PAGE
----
At the last minute, my friend offered me a ticket to go and see an excellent new stage production of Alan Sillitoe’s classic novel Saturday Night and Sunday Morning – which most of us know from Karel Reisz’s 1960 film version starring Albert Finney. I had never been before into the beautiful Royal Exchange Theatre which sits, futuristic, neo-classical, and surprisingly snug given it holds 800 people, in the centre of an old Cotton Exchange. Experiencing its 7-sided “theatre-in-the-round” and watching actors run on and off from all directions instead of into the usual “wings” was a treat in itself. As for the play, the lead performance by Perry Fitzpatrick can’t be faulted. He had so much pent-up energy, cock-sure charisma and bravado, that combined with spot-on delivery of some shocking and funny lines, it was difficult for the multiple actresses he shared the stage with to keep up! They did keep up though – every one was compelling. Jo Hartley as Emler was a thorny, darkly comedic gem.
From what I remember of the film, the part of Brenda is more stylised here – sensually as well as sexually charged, and less hardened somehow. She is more glacial, more mannered. Actually, I am not quite sure Clare Calbraith’s depiction would fit in working class Nottingham! Her sister Winnie, who for reasons of plot simplicity didn’t make it into Reisz’s version, was boldly and convincingly played by This is England’s Chanel Creswell. Anyway, all of the “love interests” were more attractively dressed and coiffed than Rachel Roberts was. Tamla Kari was more than equal to Shirley Anne Field as Doreen. I wonder if some link might be made here with the aesthetic development of a “soap” like Coronation Street (I mention this only partly because actors Graeme Hawley and David Crellin were in both!) which after all, once shared common “kitchen sink” concerns with the work of “new wave” writers and filmmakers like Reisz, John Osborne, Tony Richardson and Lindsay Anderson. It’s interesting to note that Coronation Street was first broadcast in the same year that Finney’s Arthur challenged audiences to consider the factory floor and not the drawing-room.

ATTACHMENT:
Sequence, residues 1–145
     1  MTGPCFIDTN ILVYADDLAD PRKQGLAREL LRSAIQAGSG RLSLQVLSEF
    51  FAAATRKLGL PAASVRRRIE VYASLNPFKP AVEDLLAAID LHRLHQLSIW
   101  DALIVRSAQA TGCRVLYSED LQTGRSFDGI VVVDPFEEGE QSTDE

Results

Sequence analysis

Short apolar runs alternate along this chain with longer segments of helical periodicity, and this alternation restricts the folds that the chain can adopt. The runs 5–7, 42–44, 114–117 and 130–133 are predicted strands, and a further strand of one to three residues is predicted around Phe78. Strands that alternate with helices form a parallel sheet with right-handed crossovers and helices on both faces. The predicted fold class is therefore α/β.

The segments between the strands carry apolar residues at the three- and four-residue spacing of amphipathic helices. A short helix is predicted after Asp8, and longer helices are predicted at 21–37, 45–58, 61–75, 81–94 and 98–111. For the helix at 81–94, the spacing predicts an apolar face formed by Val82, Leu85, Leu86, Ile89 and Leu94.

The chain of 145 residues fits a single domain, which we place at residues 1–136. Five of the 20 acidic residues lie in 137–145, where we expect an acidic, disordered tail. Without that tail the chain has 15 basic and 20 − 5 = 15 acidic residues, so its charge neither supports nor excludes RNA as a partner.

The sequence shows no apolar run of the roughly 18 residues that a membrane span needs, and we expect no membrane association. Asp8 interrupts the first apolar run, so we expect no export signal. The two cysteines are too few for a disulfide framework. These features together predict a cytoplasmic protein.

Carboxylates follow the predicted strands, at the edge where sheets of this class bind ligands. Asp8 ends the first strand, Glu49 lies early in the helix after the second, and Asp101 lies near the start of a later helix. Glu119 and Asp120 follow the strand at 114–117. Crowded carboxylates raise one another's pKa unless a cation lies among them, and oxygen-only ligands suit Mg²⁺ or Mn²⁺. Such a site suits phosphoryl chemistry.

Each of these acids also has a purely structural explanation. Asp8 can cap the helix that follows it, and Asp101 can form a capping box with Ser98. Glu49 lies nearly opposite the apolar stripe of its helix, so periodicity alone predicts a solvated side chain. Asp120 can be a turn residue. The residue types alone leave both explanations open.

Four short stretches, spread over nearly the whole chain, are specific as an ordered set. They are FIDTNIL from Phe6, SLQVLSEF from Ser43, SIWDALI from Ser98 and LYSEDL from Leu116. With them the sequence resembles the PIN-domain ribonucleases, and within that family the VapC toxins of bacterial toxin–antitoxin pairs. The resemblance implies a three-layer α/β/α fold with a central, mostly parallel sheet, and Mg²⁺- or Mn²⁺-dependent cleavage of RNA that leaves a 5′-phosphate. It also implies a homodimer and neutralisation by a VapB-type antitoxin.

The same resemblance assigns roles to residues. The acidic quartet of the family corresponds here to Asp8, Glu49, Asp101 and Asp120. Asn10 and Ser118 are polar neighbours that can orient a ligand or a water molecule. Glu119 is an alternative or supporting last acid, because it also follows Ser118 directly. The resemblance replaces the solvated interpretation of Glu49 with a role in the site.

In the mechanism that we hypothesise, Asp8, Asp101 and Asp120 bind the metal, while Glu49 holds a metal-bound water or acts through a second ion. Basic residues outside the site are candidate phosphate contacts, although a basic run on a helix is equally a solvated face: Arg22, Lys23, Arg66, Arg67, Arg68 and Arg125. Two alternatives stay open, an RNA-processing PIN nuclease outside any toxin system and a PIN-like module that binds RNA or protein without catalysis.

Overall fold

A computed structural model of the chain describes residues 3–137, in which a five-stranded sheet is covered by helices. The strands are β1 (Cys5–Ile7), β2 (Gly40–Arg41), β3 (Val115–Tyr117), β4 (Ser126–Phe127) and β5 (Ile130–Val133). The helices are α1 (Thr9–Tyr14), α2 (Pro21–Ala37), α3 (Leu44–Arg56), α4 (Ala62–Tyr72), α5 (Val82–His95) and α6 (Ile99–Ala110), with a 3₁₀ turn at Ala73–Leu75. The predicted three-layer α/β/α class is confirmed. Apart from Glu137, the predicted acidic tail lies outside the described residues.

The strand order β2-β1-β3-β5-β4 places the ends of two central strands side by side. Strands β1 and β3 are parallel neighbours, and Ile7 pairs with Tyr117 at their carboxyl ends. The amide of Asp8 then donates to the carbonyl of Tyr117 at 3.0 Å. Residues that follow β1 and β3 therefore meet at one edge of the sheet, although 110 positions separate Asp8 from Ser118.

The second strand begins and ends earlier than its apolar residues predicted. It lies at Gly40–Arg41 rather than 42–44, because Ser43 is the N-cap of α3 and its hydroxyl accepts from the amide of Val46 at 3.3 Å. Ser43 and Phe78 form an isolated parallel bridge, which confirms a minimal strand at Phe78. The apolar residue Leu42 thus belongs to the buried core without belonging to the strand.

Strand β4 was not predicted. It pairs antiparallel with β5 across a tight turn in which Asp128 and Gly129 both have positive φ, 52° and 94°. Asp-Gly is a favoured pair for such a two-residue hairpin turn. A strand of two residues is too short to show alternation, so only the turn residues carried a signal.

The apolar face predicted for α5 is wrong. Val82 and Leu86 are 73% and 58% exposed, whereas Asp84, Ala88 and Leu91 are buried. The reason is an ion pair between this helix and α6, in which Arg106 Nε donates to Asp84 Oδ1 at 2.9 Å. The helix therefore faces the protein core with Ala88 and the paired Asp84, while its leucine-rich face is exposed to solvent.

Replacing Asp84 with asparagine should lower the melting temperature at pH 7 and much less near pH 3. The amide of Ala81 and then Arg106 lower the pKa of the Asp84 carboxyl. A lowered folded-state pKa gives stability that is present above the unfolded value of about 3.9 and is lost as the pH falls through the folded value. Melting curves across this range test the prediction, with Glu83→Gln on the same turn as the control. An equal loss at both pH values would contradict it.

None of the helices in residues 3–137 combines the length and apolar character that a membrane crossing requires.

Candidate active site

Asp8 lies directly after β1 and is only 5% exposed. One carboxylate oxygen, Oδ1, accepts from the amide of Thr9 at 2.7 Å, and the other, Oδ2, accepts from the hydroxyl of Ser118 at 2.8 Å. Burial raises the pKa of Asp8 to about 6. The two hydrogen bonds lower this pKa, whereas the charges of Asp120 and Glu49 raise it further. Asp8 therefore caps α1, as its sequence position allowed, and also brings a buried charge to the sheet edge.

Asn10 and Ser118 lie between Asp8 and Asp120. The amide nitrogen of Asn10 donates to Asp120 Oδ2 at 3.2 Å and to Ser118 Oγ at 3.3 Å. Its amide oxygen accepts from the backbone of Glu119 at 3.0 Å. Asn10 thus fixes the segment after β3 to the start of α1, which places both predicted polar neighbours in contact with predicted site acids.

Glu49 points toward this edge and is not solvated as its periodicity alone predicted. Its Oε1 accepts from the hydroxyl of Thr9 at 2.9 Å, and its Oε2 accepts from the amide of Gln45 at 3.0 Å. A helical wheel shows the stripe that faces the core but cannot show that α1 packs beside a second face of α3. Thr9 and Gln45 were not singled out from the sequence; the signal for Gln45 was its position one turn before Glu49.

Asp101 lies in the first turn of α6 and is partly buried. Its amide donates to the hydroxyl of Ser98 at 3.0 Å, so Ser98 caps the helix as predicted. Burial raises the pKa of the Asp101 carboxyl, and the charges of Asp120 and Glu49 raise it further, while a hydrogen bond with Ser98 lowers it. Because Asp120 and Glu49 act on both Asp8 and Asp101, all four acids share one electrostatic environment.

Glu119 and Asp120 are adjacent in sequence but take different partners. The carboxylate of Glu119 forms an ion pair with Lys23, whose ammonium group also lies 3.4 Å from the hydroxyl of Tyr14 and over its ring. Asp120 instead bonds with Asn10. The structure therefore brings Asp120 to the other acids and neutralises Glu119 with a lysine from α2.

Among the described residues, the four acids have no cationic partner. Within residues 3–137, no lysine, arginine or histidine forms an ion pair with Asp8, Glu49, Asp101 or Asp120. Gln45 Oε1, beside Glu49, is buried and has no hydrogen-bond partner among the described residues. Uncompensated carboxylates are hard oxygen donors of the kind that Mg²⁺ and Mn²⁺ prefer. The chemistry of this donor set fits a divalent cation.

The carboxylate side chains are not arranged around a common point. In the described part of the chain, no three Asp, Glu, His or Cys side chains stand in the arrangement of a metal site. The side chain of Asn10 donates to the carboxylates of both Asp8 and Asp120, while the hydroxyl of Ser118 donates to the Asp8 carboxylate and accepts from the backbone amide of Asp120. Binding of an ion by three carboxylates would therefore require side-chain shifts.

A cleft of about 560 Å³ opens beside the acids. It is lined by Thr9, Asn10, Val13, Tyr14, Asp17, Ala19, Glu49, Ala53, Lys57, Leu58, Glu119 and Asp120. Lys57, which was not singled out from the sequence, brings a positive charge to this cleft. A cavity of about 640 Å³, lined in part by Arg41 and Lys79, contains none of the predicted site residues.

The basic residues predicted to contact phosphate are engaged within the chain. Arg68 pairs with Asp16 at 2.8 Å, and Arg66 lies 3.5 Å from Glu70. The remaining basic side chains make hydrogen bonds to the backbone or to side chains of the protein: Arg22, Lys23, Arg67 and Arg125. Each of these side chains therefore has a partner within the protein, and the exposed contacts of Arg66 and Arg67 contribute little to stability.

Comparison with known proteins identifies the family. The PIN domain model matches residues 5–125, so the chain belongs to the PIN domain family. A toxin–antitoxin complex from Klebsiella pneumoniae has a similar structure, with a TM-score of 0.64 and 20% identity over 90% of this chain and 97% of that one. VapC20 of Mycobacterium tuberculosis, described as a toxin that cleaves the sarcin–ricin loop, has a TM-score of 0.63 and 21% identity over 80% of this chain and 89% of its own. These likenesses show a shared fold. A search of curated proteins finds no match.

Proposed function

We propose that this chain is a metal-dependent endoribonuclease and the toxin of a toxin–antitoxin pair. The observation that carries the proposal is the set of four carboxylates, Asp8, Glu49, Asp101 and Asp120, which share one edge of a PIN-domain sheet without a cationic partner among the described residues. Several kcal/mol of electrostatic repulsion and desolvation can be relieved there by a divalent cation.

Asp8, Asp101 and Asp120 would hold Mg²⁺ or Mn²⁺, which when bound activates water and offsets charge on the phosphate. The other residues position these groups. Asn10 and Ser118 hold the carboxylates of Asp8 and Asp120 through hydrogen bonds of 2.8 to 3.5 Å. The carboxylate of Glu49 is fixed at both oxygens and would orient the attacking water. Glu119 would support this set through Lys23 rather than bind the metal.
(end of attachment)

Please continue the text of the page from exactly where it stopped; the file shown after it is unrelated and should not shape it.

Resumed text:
Rather than paying solemn homage to the British new wave or relying on a gritty sense of “black and white” grime, director Matthew Dunster and designer Anna Fleischles’ version is uniquely inventive, cleverly witty, and it plays games with us, now and then giving the audience a knowing wink – props fly on and off stage on an automated rail when a scenery change is required; two actors sit beside audience members to mime being at the cinema; Arthur suggests with a gesture that we might act as witnesses to a disagreement between himself and his boss. The ways in which he is caught up in something both metaphysical and potentially political are foregrounded sympathetically. Just 22, Arthur despises (or is it fears? grudgingly admires?) the Russians, the taxman, the rent collector, politicians, union organisers, the “Yanks”, the army, blokes in bowler hats, and even the wives who cuckold with him their half-suspecting husbands, in almost equal measure. He does not quite know what he is, what he stands for, what it is that he opposes. All he knows is an instinctive compulsion to make a lot of noise being an angry rutting “Billy Goat”. Yet there is a lightness of touch and feeling of intimacy, even fragility. Some scenes are potentially quite graphic (for instance Brenda’s attempted bath-tub abortion) and some are delightful (ghost trains, fairground carousels, and eventually fighting at Goose Fair); these combine into an eventful contradictory ride where tone is hard to define. The working class characters here are not caricatures or stereotypes but beautifully observed and captured, recognisably deeply human even when apparently hardened to life or struggling not to be beaten down by it. Ultimately, like most people, Arthur is searching for love.
As they say in the Royal Exchange’s publicity material, “Our policy is to express the bewildering, complex wonderment of life through the full spectrum of theatre.” This is certainly what they did last night and I am definitely going to go back as soon as possible!